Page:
A further problem with this approach is although Graham admits GE is not original, he seems to be suggesting here that introducing songs into a children’s English class is innovative.  With the huge number of children’s English textbooks, games, flash cards and CDs available it seems quite improbable that this really could be the key to GE’s success, or even something that English teachers are not already aware of.  Moreover, the GE materials themselves are largely produced by Graham and are arguably less ‘polished’ than most published materials. The songs are also written and performed by Graham whereas the “let’s go” series, for example includes material performed and written by Jazz Chants series author Carolyn Graham.  It is of course possible that the rough-and-ready nature of the materials are attractive to young children. I have personally used some of the CDs, with very young children, and they enjoyed them at lot.

The most serious problem though is with claims relating to the effectiveness of the method.  Graham claims the materials work “very, very well” (c) but it is not at all clear what “work” means in this sentence.  Do they, for example, work in creating an enjoyable learning environment? Or do they work in helping inexperienced teachers navigate the perils of Elementary school classes or do they actually lead to students learning English?  It is impossible to know as there is no published material relating to their effectiveness. 

Graham does address this issue on his web page noting “Of course we all know Genki English works great because we see it every time on the kids’ faces” (2009).  He continues by noting that this level of evidence is not sufficient for some, such as BOEs and head teachers (what misers!).  He then claims research has been carried out by the University of Newcastle, into the effectiveness of the approach and that the results appeared positive. Though the research is not available yet and so I can’t comment on it here. More recently the GE web page carries the logo Researched by Harvard University Graduate School of Education though what this is supposed to signify, I’m not entirely sure.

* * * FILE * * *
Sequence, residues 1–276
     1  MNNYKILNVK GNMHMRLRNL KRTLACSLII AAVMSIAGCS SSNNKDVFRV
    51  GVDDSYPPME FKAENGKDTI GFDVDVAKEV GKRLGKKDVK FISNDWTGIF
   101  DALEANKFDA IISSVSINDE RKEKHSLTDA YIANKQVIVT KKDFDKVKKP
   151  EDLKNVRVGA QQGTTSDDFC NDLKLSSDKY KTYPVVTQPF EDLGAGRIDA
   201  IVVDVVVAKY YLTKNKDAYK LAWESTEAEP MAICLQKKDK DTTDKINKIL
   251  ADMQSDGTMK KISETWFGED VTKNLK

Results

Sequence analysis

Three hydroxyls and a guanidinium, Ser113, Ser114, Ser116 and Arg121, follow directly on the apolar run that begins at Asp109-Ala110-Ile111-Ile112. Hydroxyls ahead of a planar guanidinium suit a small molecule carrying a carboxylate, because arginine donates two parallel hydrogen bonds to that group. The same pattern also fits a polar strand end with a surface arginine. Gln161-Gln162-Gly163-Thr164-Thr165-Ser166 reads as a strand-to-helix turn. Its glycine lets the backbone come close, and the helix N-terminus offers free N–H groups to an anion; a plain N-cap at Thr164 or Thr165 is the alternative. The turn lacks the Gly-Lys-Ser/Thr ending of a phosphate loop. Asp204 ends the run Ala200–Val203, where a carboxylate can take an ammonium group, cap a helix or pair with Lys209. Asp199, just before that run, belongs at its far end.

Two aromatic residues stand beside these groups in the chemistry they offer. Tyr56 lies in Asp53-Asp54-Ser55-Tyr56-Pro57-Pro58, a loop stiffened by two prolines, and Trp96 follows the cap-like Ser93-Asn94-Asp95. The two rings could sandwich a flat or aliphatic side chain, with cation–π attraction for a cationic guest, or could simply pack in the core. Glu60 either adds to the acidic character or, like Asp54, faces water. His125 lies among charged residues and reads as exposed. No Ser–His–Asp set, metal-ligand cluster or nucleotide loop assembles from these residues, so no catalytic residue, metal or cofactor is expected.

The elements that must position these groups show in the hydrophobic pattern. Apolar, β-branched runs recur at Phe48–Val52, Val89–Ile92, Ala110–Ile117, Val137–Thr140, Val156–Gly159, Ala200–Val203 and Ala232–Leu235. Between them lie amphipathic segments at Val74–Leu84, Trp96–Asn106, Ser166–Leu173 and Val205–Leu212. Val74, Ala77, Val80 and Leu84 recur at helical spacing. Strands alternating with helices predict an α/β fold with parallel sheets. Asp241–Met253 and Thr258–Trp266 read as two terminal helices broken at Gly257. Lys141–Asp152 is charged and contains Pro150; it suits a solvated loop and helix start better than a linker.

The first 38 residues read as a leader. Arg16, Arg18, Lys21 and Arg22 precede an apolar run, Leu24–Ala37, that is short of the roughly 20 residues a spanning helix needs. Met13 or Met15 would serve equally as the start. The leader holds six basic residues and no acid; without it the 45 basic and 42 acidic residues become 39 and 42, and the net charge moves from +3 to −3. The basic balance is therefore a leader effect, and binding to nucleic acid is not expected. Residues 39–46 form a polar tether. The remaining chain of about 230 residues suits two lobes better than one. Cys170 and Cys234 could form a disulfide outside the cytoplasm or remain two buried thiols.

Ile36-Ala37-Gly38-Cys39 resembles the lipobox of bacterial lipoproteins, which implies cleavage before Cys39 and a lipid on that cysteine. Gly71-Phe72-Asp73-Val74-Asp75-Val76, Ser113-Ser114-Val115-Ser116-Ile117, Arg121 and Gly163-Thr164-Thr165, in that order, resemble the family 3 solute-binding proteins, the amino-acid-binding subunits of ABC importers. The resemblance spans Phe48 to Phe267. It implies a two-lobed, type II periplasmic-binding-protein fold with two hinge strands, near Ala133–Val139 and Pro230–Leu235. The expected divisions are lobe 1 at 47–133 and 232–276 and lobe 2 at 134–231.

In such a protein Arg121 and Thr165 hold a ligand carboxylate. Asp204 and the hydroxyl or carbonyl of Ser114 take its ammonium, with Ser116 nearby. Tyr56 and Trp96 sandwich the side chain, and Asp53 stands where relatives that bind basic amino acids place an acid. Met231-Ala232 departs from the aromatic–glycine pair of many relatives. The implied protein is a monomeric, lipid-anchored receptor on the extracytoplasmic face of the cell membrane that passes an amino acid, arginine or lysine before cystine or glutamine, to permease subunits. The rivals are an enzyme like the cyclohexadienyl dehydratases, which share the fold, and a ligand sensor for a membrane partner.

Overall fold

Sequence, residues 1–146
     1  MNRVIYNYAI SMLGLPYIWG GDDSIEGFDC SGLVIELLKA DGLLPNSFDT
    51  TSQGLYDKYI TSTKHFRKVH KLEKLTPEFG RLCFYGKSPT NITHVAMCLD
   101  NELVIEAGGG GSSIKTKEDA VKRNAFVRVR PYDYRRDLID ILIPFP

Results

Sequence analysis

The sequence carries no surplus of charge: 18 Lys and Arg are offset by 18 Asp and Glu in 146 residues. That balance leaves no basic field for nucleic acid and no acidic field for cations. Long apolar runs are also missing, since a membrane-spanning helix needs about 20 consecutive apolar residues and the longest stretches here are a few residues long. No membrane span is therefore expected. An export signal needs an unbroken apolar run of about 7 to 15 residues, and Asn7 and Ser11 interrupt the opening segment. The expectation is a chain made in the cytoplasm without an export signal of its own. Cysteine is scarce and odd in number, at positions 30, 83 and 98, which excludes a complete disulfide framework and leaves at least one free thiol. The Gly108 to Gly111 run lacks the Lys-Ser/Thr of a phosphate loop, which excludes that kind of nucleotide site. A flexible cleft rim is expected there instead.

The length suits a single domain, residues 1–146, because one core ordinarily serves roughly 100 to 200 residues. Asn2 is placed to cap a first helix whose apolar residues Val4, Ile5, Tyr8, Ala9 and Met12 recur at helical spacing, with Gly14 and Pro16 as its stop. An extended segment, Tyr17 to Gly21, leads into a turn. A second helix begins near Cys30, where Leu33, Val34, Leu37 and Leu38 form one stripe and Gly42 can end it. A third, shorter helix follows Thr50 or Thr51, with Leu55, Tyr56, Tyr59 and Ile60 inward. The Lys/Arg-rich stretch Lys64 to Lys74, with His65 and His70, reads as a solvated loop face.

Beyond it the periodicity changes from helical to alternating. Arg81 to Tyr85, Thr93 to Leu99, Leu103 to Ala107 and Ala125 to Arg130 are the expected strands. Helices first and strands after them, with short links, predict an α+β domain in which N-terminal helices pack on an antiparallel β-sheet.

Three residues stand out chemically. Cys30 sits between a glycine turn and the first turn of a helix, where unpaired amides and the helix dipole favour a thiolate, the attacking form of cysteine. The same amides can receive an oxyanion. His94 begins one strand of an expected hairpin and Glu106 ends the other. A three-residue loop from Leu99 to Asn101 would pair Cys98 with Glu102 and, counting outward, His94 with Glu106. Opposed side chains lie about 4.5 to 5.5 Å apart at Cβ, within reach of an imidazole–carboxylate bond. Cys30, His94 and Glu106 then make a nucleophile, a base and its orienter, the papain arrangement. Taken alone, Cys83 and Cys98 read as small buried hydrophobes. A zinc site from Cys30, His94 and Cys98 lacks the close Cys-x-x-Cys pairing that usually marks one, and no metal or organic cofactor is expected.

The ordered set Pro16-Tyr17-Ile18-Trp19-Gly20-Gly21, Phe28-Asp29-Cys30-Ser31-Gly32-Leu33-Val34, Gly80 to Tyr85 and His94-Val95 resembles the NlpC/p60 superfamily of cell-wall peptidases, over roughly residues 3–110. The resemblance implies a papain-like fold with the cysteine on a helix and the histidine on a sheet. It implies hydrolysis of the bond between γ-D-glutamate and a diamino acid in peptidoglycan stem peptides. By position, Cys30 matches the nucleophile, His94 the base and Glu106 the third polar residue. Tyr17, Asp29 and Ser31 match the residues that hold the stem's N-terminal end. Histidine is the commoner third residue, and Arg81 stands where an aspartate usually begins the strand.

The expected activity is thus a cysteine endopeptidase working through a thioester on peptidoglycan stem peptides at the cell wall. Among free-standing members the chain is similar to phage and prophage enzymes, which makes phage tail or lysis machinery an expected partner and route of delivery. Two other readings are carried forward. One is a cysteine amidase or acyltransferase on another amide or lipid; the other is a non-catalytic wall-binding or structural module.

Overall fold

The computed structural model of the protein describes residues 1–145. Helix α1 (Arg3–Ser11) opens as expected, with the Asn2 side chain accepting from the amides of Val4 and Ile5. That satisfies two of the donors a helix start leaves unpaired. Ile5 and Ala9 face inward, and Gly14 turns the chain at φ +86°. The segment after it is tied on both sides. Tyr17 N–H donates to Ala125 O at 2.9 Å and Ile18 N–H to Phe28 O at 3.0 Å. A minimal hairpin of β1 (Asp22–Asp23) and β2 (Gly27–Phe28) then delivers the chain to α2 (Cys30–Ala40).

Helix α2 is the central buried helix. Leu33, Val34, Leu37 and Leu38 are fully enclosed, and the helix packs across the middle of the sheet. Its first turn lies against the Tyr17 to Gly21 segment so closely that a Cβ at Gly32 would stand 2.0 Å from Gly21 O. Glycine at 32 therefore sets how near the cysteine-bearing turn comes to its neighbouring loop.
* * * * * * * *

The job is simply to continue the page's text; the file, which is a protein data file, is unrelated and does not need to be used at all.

Graham also suggests that “although the ideas on these pages are all fun and exciting they do correlate very well with current practise and language theory” (c) but fails to indicate what language theory and practices these are. There are also no sources of research or theory quoted on the site, an admission he explains by stating “there are three basic reasons why I don’t quote direct sources on the site” (c).  These are (1) that there is, according to Graham, little credible research in the field of applied linguistics but that what does exist supports GE (2), that the techniques were “tested on students”, with unsuccessful ideas being abandoned  and (3) that:

A lot of the methodology behind Genki English is taken from my own experience and research of many years into various different fields, from science teaching to advertising. Much of this consisted of reading articles and books that I cannot now trace or in discussions with a great many people, most of which were never recorded (Graham c).

There may well be little solid research in language teaching. Regardless, that is not a good reason for notdoing research.  It would have been useful to have links to the material referred to which supports GE, however the third point perhaps explains why these are missing. The second claim makes rather liberal use of the word test.  It also underlines a fundamental problem with  the GE approach, namely the idea that, since  it seems to work (whatever “work” means here) it works.  The reasonresearch exists is precisely because humans are notoriously good at reachingconclusions beneficial to themselves. 

As to the third, if current research is not credible it seems unlikely reading it would have helped to inform a theory.Though it seems that perhaps what was read was more eclectic and unfortunately unavailable. Graham also claims that “English stands up to any educational scrutiny”(Graham f) though again it is tempting to wonder, with the supposed paucity of research, what exactly this is supposed to mean. It is also questionable as to whether a claim like this, made by the creator of a method and with no empirical peer reviewed studies to back it up, can be taken seriously.